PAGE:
We also reviewed on the economic front that there has been significant progress. Despite COVID-19, the investment flow from Singapore to Indonesia last year went up by an additional 50%. We remain Indonesia’s largest foreign investor and have been so for the past six years. In addition, the Bilateral Investment Treaty was ratified, just ten days ago, by Ibu Retno and Minister (Trade & Industry) Chan Chun Sing. We are awaiting ratification of the Agreement for Avoidance of Double Taxation. MAS and Bank Indonesia, the Indonesian central bank, have also renewed the Bilateral Financial Arrangement, which is an arrangement to help mutually stabilise currencies in this period of economic and pandemic-related challenges. In terms of regulatory certainty, in terms of agreements, in terms of investment flow, it has all been very positive. The Indonesian side appreciates this and wants to continue to engage Singapore and to attract more investments.


There are many opportunities in Indonesia as they roll out infrastructure, and as they prepare for the green economy. There have always been opportunities for Singapore companies. Now, I think, this is another occasion to look for new investment opportunities, even as the economy restructures in Indonesia, and even after COVID-19, as we prepare for a new world which will focus, I believe, on a greater need for resilience. There will be changes in supply chains. I think it is also an occasion for ASEAN, as an economic centre of gravity in its own right, to be emphasised and for us to increase intra-ASEAN trade as well as the way ASEAN engages and trades with the rest of the world. I have had very useful sessions with a very wide range of Ministers in this short visit here. I will be happy to take questions.


Saifulbahri Ismail (CNA Broadcast): Minister, yesterday, you discussed the Myanmar issue. Singapore and Indonesia are supporting the special ASEAN Summit on Myanmar. What do you hope this special summit can achieve and to what extent do you think it can improve the current crisis in Myanmar?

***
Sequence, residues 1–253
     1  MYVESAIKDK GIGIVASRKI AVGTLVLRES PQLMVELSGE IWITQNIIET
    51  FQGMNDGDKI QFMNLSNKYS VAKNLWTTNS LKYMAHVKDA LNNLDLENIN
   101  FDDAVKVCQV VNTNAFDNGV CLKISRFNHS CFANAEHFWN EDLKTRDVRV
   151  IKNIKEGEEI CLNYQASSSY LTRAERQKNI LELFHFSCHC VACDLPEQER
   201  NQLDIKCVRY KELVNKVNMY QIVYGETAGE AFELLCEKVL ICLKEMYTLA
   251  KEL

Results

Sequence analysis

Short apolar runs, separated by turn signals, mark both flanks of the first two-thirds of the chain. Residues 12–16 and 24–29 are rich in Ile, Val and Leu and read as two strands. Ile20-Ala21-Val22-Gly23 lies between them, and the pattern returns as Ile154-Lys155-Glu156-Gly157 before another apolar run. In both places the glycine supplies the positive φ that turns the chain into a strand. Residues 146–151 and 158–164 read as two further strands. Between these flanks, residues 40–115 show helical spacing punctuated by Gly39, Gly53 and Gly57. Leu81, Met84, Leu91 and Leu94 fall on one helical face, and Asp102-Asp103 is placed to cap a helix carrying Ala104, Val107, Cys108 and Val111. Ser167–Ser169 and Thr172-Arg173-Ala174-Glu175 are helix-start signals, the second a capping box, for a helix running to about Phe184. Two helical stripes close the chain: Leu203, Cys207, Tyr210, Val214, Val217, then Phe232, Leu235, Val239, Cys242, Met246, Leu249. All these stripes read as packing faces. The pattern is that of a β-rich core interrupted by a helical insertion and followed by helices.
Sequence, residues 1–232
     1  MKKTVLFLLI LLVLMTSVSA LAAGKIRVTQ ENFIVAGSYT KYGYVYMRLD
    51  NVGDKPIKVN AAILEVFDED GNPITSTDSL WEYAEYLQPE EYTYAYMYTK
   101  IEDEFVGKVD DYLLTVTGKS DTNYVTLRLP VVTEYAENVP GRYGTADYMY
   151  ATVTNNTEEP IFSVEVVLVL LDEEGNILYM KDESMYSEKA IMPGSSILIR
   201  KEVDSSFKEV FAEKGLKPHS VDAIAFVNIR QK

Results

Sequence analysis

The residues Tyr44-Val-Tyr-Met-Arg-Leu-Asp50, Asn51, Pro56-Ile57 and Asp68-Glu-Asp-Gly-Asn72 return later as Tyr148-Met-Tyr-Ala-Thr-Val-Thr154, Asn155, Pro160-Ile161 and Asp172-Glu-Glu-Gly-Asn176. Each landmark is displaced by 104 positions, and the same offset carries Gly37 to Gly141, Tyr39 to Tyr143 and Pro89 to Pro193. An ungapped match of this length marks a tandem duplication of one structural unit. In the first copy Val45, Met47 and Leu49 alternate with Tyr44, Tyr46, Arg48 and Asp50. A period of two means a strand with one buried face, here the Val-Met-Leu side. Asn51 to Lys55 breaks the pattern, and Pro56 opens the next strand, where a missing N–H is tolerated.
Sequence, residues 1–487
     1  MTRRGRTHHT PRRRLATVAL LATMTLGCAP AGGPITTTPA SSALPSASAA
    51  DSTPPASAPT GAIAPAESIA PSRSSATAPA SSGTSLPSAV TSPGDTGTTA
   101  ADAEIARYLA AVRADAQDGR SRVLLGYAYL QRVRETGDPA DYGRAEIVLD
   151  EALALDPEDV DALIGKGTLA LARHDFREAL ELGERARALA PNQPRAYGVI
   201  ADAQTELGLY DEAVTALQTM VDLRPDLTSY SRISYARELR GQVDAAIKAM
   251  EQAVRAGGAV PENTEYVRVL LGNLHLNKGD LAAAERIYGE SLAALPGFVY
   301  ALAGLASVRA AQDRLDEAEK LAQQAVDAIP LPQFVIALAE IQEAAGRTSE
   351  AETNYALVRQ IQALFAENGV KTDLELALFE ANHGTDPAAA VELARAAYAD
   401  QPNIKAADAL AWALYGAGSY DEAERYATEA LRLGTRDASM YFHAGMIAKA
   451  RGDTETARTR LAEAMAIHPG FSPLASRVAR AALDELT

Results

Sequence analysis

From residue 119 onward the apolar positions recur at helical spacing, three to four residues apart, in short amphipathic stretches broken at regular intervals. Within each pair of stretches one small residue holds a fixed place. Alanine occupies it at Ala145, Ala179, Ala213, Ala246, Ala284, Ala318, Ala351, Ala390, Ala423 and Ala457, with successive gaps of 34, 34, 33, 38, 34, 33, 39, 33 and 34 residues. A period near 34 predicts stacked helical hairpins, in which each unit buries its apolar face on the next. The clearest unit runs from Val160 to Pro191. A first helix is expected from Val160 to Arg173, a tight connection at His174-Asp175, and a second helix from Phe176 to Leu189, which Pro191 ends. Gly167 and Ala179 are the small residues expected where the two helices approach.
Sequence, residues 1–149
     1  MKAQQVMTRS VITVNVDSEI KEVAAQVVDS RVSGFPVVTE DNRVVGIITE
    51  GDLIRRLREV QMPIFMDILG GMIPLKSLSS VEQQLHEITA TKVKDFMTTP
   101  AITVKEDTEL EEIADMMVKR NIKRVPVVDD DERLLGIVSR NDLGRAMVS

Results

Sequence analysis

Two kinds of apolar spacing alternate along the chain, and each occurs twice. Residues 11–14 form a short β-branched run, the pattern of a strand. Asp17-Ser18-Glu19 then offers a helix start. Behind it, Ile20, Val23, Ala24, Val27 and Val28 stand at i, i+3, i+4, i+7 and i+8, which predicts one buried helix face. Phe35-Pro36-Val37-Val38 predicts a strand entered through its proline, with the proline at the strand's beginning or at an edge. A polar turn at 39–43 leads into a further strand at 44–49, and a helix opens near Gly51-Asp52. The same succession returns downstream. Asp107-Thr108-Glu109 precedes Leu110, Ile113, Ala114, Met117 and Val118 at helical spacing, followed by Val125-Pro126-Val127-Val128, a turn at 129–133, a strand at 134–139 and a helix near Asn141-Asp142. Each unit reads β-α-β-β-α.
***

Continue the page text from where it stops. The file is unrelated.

Minister: We discussed Myanmar at some length. It is not a happy topic. It is a tragedy that is unfolding. It is going to take quite some time to resolve. I must confess to you that I am pessimistic. The next point is that it is essential for ASEAN to consider, to contemplate, to support and to be a constructive presence inside Myanmar. We still do not believe in foreign interference in domestic politics but as fellow ASEAN Member States we hope they will take into consideration the views of our leaders. Particularly, when our leaders have had the chance to quietly, confidentially and openly amongst themselves, arrive at a set of conclusions. All the ASEAN countries have got to do our homework. This will form the agenda and basis for a more detailed discussion amongst the leaders. At this stage, it is premature to conclude what will be the content of the special summit. But I think it is essential for ASEAN’s credibility, Centrality and relevance to have a view, have a position and to be able to offer some constructive assistance to Myanmar – a fellow member state of ASEAN. But do not expect quick solutions. At the end of the day, Myanmar needs national reconciliation. All sides, all stakeholders have to sit down peacefully, in good faith and have frank, open, and constructive dialogue to create the future that the young people in Myanmar so dearly want. Now, in this Internet era, we watch the videos with broken hearts. But you can also see the determination, the hopes and the aspirations of the young. We have to find ways to give them the security, peace, stability and the opportunities that they so richly deserve. You look at the rest of ASEAN. We are integrating. We are opening. We are investing. We are engaging the rest of the world. We are transforming our economies. We are generating jobs for the future. We are training, re-tooling and re-skilling. All this also needs to occur in Myanmar. This kind of turmoil will set them back, potentially for a generation or more. Let us hope for the best.